She gives the talks once or twice a week on her own time and her own dime to break down stereotypes.
Similar programs emerged after 9/11, when many Muslims felt the need to engage with their fellow Americans to dispel negative perceptions of their faith. They’ve seen a resurgence with a recent uptick in anti-Muslim crimes.
Earlier this year, for instance, Muslim and former US Marine Mansoor Shams traveled the country with a sign that read “I’m a Muslim and a US Marine, Ask Me Anything.” In Cambridge, Massachusetts, Mona Haydar and her husband set up a booth outside a library in 2015 with coffee, doughnuts and a sign that stated “Ask a Muslim.”
Shaiq said she started her program to educate people about her faith and culture while addressing people’s misconceptions and stereotypes.
She explains the importance of the hijab (head scarf) or niqab (face covering), the differences between Sunnis and Shias (the two main sects of Islam), the rights of women in Islam, and what it’s like to be an American Muslim today.
At a recent Rotary club meeting in Fremont, a man asked how she thinks people can combat Muslim extremism.
“This is where you start,” Shaiq said. “You understand what the faith is.”
Recent anti-Muslim incidents across the US include arson attacks, vandalism, harassment and school bullying. In May, authorities in Portland, Oregon, say a man killed two men and wounded a third after they tried to stop his anti-Muslim tirade.
Shaiq herself has faced threats at her events. One man in Atlanta warned he would “slit her throat” if she said something he didn’t like. He listened to the discussion, never asked a question and then left.
“That was scary,” Shaiq said.
Muslim leaders consider the incidents part of a deeply alarming trend that came to the forefront in last year’s presidential election with far-right activists portraying Islam — and all Muslims — as a threat.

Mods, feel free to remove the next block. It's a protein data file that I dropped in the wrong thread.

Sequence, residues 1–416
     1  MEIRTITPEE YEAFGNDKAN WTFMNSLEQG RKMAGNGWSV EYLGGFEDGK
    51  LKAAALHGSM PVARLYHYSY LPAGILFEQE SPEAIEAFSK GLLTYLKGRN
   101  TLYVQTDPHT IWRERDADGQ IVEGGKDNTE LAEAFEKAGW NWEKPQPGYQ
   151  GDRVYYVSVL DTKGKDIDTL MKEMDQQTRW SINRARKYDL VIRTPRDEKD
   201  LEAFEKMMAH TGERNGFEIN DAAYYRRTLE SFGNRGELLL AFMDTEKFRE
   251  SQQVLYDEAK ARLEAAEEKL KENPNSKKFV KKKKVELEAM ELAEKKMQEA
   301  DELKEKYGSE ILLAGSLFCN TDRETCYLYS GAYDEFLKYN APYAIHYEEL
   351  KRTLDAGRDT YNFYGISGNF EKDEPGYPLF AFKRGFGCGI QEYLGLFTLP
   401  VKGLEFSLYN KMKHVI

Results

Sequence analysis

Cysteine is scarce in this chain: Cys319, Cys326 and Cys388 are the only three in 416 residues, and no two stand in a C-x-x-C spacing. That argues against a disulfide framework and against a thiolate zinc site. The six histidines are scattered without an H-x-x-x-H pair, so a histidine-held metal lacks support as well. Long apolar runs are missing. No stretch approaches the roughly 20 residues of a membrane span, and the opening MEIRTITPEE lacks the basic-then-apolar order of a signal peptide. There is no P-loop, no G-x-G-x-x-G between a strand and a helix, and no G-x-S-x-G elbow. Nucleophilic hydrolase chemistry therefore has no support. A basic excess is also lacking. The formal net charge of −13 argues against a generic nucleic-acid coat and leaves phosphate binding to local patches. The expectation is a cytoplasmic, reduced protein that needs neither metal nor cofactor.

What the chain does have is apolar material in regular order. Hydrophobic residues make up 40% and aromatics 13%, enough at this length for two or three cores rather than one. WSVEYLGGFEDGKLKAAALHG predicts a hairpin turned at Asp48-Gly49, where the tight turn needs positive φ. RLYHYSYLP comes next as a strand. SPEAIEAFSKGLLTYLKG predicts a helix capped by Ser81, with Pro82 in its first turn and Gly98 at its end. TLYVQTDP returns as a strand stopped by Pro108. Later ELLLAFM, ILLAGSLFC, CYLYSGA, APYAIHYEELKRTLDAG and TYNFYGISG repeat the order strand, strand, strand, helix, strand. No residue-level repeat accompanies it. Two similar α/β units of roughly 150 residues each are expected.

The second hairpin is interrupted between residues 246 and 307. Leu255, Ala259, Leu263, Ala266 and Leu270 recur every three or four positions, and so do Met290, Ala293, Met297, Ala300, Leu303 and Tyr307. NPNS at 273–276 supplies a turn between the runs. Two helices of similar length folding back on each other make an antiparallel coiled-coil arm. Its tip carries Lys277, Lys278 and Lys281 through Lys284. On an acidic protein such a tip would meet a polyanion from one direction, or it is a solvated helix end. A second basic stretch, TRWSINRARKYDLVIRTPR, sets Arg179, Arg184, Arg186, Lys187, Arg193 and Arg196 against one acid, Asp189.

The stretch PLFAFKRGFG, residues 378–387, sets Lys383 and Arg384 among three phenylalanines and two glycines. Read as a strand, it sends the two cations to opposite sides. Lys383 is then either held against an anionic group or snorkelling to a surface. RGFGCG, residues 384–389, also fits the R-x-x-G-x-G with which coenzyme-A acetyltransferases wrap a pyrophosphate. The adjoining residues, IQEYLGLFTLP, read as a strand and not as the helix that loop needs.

They see echoes of these far-right views in President Donald Trump’s efforts to ban entry into the US from six Muslim-majority countries and in his claims of dangers posed by immigrants and Muslim refugees. Trump has said his policies are critical for protecting national security.
Initiatives like Meet a Muslim are important at “this time of heightened fear and xenophobia,” said Zainab Arain, who works to monitor and combat Islamophobia with the Council on American-Islamic Relations, a Washington, D.C.-based Muslim advocacy group. “An effective way to push back against that, especially at a local level, is to gather people and have them get to know one another.”
Some American Muslims, however, have struggled to see the benefit of these efforts when they see community members having the same conversations they had almost 16 years ago.
“It’s just not a good use of time. The likelihood of changing a bigot’s mind is so low,” said Asha Noor, a racial justice activist based in Detroit.
Instead, Noor and other critics say the focus should be on policy change.
For Shaiq, her program is about sharing a message of love, compassion and peace.
Attendance at her talks spikes following news events that include Muslims, and the discussion often gets spirited, even tense and angry.
“I want to proactively educate my fellow Americans that Muslims are humans just like they are,” Shaiq said. “They have the same needs as anyone else.”